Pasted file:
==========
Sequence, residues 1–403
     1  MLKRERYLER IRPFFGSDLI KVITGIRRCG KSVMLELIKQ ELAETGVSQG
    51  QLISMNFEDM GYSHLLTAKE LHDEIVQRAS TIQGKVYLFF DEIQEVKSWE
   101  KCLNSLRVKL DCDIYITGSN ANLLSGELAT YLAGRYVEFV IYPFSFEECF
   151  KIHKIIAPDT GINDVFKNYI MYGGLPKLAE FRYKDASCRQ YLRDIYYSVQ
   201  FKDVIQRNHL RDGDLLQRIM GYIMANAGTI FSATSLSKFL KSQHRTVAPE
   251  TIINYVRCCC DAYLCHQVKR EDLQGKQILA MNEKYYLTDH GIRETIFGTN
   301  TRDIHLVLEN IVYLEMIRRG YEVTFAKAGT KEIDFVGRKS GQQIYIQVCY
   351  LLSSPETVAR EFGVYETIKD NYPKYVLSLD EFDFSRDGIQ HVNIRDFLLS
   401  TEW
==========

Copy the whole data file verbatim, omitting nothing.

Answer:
Sequence, residues 1–403
     1  MLKRERYLER IRPFFGSDLI KVITGIRRCG KSVMLELIKQ ELAETGVSQG
    51  QLISMNFEDM GYSHLLTAKE LHDEIVQRAS TIQGKVYLFF DEIQEVKSWE
   101  KCLNSLRVKL DCDIYITGSN ANLLSGELAT YLAGRYVEFV IYPFSFEECF
   151  KIHKIIAPDT GINDVFKNYI MYGGLPKLAE FRYKDASCRQ YLRDIYYSVQ
   201  FKDVIQRNHL RDGDLLQRIM GYIMANAGTI FSATSLSKFL KSQHRTVAPE
   251  TIINYVRCCC DAYLCHQVKR EDLQGKQILA MNEKYYLTDH GIRETIFGTN
   301  TRDIHLVLEN IVYLEMIRRG YEVTFAKAGT KEIDFVGRKS GQQIYIQVCY
   351  LLSSPETVAR EFGVYETIKD NYPKYVLSLD EFDFSRDGIQ HVNIRDFLLS
   401  TEW